The researchers (NEJM 2013;38:999-1007) report on a study of 283 patients from the Netherlands who had suffered with 6 to 12 weeks of sciatica and had a confirmed disc herniation on MRI. Patients either received early disc surgery or “prolonged conservative care” (such as medications and physical therapy). After one year, all participants underwent a follow up MRI and were questioned about their recovery. 84% of study participants reported a favorable outcome (hey, that’s pretty good). But, interestingly, their MRIs looked terrible. In fact, 85% of this group (this is the group with favorable outcome) had evidence of ongoing disc herniation and nerve root compression on their MRI, regardless of which treatment they received, surgery or conservative care.
Even more stunning were the participants with favorable outcomes whose MRIs showed evidence of scar tissue wrapped around the nerve where the surgery was performed. Of the 170 patients who underwent surgery, 88% had visible scar tissue on MRI and of these, 96% had scar tissue surrounding the nerve root, and yet 86% reported favorable outcomes. This compares to only 75% reporting favorable outcomes in the surgical group without evidence of scar tissue formation. Huh?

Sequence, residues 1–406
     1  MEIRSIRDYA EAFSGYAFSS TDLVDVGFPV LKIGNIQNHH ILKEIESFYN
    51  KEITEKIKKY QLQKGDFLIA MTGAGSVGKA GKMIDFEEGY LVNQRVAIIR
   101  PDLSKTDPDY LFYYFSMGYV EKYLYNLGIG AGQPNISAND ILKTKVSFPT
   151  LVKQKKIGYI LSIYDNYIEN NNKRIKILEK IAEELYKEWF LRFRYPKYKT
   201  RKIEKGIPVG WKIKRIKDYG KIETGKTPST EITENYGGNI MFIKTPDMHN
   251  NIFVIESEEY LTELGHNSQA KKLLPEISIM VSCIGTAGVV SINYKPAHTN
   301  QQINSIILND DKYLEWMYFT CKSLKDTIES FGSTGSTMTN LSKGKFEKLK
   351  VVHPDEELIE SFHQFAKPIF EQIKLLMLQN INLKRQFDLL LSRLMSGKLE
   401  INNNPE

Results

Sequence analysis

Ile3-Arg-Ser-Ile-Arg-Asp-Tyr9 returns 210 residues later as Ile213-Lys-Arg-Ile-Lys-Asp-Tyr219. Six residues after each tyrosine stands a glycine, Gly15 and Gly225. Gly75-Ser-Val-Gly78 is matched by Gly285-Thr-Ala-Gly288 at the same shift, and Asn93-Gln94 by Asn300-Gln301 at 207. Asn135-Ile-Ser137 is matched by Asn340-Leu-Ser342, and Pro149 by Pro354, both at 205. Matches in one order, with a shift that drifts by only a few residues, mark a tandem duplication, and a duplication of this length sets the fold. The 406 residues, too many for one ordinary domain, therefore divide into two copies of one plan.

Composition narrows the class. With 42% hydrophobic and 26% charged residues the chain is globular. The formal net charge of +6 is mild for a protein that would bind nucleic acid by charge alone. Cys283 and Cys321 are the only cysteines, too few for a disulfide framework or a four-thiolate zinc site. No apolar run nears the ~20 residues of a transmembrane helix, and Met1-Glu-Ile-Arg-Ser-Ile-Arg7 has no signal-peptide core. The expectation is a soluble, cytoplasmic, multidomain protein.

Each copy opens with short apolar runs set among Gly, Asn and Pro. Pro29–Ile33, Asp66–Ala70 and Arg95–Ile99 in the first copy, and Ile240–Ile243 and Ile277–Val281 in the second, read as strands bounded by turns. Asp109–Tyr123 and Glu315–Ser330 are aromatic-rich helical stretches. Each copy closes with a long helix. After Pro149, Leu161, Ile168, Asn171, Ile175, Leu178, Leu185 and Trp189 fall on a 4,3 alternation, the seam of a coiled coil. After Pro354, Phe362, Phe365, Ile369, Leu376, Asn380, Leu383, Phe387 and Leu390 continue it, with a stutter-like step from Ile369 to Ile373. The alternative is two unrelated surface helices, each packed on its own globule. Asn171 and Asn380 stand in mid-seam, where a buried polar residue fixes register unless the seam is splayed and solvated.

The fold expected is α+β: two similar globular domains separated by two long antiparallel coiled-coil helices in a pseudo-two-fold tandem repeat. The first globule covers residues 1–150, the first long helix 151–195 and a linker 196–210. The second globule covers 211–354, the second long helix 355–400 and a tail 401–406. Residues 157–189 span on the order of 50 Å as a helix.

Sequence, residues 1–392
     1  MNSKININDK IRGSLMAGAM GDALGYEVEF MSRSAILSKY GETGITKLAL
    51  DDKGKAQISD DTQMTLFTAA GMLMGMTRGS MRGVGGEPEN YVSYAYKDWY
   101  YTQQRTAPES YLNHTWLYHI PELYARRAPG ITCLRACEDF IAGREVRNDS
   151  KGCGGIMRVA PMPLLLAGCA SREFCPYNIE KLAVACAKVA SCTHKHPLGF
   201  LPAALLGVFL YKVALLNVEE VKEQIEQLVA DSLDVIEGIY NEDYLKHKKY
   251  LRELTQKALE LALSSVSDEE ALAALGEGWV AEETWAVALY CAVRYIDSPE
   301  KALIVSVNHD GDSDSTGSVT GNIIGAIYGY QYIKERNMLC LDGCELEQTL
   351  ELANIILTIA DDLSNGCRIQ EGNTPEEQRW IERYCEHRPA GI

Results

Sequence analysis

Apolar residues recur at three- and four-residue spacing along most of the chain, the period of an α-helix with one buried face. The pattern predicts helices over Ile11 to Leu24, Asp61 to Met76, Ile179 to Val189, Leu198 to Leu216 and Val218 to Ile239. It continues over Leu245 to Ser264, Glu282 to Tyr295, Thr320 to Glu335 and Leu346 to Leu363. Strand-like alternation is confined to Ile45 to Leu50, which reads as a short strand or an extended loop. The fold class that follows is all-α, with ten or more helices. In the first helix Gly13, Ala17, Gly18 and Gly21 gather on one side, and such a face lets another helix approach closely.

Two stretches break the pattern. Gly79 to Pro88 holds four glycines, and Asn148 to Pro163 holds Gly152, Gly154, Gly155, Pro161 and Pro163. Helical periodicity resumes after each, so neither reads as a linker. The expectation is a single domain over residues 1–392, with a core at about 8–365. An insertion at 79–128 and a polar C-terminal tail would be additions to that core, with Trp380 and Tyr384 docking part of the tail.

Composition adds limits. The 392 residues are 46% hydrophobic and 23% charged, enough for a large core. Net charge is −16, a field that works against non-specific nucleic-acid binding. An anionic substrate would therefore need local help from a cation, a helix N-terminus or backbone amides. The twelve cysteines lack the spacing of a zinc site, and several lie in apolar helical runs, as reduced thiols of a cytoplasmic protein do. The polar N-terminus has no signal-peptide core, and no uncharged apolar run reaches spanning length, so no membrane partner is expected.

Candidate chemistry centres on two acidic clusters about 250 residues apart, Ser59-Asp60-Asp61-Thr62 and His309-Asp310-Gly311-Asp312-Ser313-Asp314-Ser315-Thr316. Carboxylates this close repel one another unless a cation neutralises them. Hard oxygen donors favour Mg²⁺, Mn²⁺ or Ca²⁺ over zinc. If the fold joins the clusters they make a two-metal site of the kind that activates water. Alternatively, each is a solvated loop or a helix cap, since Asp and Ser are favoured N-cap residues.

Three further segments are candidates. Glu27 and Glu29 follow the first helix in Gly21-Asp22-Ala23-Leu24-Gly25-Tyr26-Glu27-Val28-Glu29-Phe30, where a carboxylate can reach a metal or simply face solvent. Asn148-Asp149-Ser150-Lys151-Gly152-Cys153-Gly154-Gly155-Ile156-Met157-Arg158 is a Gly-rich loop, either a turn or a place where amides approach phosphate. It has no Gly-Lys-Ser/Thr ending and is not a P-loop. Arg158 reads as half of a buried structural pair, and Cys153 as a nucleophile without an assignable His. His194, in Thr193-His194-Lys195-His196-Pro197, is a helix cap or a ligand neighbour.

Of course, this is far from the first study to show the lack of correlation of MRI findings with patients’ symptoms. A seminal study by Jensen in 1994 showed that if you evaluate 100 individuals who have no pain or other symptoms with an MRI of their lower back, only 36% of those had normal MRIs. The rest (the other 63% of those with no pain) had disc bulges and protrusions (Jensen, NEJM 1994;331:69-73).
When physicians evaluate patients who have had poor outcomes after disc surgery or who have back pain and sciatica to begin with, they often look to the MRI for an explanation of symptoms or for lack of improvement. After surgery, scar tissue around a nerve root, in particular, is often used to explain ongoing pain. This study strongly suggests that this finding could be completely unrelated to the pain. Of course, then the question is; how do we discover the cause? I believe the answer lies in the physical examination, a nearly lost art in medicine these days.
As healthcare professionals, we have become overly reliant on technology, in general, losing touch with the finely honed physical exam skills that our predecessors relied on exclusively. Many patients with back pain and sciatica get treatment recommendations for conservative care, injections or surgery based completely on their MRI findings. So-called “abnormal” findings on MRI are thought to validate their pain. Meanwhile patients with relatively normal MRIs, are often told that there is “nothing wrong”, the suggestion being that their pain is wholly psychological. Patients lose in both scenarios. What is really needed is a careful musculoskeletal and neurological examination to uncover the root source of pain. I believe the answer is often there, if we are only willing to look.